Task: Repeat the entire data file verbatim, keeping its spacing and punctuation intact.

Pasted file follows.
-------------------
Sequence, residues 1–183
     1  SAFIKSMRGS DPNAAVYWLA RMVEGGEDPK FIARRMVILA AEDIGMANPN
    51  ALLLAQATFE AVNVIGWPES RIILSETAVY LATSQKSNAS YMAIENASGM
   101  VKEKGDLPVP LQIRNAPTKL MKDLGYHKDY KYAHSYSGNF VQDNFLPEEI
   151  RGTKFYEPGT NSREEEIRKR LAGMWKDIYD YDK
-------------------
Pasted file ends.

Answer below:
Sequence, residues 1–183
     1  SAFIKSMRGS DPNAAVYWLA RMVEGGEDPK FIARRMVILA AEDIGMANPN
    51  ALLLAQATFE AVNVIGWPES RIILSETAVY LATSQKSNAS YMAIENASGM
   101  VKEKGDLPVP LQIRNAPTKL MKDLGYHKDY KYAHSYSGNF VQDNFLPEEI
   151  RGTKFYEPGT NSREEEIRKR LAGMWKDIYD YDK